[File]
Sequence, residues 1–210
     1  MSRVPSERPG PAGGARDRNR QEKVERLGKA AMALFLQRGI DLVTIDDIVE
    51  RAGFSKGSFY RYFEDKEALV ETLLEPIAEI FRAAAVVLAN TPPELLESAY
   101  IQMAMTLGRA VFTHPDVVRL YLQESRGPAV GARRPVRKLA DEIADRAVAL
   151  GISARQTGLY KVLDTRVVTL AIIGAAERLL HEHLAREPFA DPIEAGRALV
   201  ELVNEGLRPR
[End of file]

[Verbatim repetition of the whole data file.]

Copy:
Sequence, residues 1–210
     1  MSRVPSERPG PAGGARDRNR QEKVERLGKA AMALFLQRGI DLVTIDDIVE
    51  RAGFSKGSFY RYFEDKEALV ETLLEPIAEI FRAAAVVLAN TPPELLESAY
   101  IQMAMTLGRA VFTHPDVVRL YLQESRGPAV GARRPVRKLA DEIADRAVAL
   151  GISARQTGLY KVLDTRVVTL AIIGAAERLL HEHLAREPFA DPIEAGRALV
   201  ELVNEGLRPR